The Indian Passport
- my forsaken homeland
What is it about an Indian Passport that folk still hang on to it, even though their lives their lives and make their fortunes outside the borders of this country? Lakshmi Mittal hangs on to his, so does Amartya Sen, to quote two examples.
Lakshmi Mittal's story is rather well known - the Mittals moved to Indonesia when their small-scale steel venture was stifled by the license-quota raj of socialist India, and subsequently their Ispat group grew, grew, grew. Today his Mittal Steel is the world's largest steelmaker, embroiled in a controversy with trying to acquire Arcelor.
The Nobelled Amartya Sen was born in Shantiniketan and named personally by Rabindranath Tagore. Yet this gentleman chooses to stay away from this country, being a renowned economist in Cambridge and now Harvard.
Whatever motivates these men to retain the passport of a country that has hardly done them any good? It was after they became what they are now that India has recognised them as global Indians and moved to honour them. Sen has a Bharat Ratna, while the Indian Government has stood up for Mittal's business interests.
It isn't a particularly pretty passport, that they'd want to keep it. Nor do I think are the credentials of the government so pearly-white that they would harbour the most loyal feelings. Indeed the attitude of the Indian government to the Mittals has been anything but loyalty-inspiring.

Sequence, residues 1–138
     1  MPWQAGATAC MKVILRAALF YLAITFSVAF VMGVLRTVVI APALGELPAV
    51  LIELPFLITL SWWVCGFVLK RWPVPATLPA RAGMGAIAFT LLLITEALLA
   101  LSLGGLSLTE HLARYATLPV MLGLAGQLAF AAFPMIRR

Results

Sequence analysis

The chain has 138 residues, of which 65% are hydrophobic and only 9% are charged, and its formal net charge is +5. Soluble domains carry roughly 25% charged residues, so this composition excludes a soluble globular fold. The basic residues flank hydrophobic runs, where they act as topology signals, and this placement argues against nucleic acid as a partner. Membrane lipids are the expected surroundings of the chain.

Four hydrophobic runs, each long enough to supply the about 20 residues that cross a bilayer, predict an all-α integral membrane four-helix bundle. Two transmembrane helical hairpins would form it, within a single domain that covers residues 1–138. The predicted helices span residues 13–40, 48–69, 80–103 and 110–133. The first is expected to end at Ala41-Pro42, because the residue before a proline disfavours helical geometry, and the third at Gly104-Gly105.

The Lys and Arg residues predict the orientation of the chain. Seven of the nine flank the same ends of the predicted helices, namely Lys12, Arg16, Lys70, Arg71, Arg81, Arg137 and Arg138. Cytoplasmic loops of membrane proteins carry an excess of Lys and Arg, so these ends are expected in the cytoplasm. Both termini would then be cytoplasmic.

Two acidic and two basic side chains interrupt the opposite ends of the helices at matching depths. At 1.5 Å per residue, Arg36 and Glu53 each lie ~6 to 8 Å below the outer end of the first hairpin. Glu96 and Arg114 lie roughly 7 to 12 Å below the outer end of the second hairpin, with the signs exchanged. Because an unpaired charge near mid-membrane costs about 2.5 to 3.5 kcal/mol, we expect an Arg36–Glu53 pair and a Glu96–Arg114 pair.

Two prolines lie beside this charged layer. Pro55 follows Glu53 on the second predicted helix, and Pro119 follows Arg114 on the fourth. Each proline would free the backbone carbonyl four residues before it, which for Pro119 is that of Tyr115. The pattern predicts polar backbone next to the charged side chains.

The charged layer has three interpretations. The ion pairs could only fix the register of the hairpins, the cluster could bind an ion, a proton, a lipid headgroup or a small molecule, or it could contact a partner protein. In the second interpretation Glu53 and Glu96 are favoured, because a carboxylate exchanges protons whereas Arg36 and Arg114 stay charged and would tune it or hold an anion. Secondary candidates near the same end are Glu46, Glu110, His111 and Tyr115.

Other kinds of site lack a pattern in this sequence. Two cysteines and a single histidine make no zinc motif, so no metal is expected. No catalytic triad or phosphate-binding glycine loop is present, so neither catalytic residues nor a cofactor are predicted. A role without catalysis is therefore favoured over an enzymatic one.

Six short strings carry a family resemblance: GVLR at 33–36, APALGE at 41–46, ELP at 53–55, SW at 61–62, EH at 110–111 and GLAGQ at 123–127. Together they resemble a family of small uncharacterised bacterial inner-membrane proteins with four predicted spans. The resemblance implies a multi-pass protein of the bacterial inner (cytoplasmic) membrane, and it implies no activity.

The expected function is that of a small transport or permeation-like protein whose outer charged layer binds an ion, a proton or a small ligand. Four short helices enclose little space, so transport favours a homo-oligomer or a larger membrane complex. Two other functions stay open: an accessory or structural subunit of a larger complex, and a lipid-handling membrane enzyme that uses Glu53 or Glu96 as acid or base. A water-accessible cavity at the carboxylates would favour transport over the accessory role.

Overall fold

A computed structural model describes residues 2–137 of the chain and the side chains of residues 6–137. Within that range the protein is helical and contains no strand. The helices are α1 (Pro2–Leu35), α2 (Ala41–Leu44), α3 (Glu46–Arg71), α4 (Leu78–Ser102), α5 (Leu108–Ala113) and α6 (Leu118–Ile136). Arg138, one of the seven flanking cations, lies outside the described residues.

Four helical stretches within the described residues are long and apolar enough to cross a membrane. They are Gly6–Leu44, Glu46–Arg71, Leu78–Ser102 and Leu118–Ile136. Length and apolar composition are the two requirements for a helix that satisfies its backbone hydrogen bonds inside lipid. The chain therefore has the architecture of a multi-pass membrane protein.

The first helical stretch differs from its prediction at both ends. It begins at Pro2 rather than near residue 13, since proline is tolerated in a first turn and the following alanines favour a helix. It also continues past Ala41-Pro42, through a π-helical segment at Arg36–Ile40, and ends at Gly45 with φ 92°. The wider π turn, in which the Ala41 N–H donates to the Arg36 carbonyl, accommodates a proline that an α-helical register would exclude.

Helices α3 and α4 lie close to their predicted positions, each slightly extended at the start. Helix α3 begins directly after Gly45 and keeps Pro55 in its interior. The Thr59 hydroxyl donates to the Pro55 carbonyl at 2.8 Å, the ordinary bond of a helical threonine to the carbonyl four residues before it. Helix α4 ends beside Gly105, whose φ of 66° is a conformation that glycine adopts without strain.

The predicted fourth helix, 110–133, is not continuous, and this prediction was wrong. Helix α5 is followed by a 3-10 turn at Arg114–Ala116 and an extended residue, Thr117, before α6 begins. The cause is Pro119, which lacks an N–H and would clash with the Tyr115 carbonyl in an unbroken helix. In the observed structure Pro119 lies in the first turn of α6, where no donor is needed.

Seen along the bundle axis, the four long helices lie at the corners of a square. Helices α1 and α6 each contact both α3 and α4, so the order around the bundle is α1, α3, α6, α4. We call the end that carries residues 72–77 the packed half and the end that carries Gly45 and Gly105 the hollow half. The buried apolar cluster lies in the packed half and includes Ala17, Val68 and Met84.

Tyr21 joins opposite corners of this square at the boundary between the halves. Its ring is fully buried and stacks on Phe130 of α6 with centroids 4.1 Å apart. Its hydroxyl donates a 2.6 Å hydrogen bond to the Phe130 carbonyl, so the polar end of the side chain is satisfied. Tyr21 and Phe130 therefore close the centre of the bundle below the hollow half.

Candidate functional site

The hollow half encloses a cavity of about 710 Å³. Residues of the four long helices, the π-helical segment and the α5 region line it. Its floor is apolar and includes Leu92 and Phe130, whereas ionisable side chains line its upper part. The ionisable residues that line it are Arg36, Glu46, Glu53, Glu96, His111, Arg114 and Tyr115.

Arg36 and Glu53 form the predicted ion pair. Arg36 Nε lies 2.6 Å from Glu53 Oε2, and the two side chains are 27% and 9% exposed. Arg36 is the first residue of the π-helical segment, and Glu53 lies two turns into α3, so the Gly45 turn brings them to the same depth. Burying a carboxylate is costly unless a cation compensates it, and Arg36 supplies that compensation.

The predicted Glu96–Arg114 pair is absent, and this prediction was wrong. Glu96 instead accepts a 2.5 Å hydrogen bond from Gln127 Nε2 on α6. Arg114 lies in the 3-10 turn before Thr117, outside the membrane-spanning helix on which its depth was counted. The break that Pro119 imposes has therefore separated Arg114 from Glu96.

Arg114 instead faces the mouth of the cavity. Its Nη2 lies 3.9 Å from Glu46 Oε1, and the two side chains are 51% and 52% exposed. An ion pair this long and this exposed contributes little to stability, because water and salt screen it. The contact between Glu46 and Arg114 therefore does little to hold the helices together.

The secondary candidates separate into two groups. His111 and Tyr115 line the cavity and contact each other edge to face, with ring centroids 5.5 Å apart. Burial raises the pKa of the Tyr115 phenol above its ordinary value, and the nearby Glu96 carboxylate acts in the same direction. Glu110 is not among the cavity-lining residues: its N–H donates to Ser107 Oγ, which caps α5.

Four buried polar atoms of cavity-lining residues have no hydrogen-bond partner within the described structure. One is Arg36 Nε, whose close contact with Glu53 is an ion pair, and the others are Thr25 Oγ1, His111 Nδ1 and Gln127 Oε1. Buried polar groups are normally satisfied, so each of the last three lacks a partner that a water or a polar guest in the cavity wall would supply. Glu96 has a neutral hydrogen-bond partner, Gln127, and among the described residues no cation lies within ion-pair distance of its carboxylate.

I guess it has something to do with the sands of Marwar or the waters of Bengal. A passport can evoke the blazing sun, the crisp dry air, the chillies, the colours and the spirit of Marwar. Jahaan na jaaye bailgaadi, wahaan jaaye Marwari. It is this spirit that has taken them places. A passport can also evoke the chaos of Kolkata, the fishermen of the Hooghly, Rabindra-sangeet. The name India evokes homeland.
And that alone is the reason to hold on to that passport. Had Mittal not held it, and traded it for a British or Dutch passport, the allegations of racism would perhaps not have clouded the Arcelor deal. He may have been seen as greedy capitalist of the Anglo-Saxon persuasion. Similarly, the discontent over Sen's Nobel (many economists had wanted the prize to be given to another, more capitalism-friendly academic) might have not arisen had he been a British Asian or an Indian-American. Both chose instead, to be Indians.
I get a similar feeling with my birth certificate. Wherever I go, that yellowing scrap of paper marked by the municipality of Mumbai keeps a root firmly in the soil of the urbs prima in indis.
Next time an NRI comes home, and says all manner of things, you and I would probably squirm in our chairs. But as long as he holds an Indian passport and wants to hang on to it, as long the smell of his earth and hearth (what a turn of phrase!) stays in his heart, I'm not grudging him.
If I ever step out of my country hunting jobs and a future, a toy autorickshaw and my passport will serve as my umbilical cord with my soil.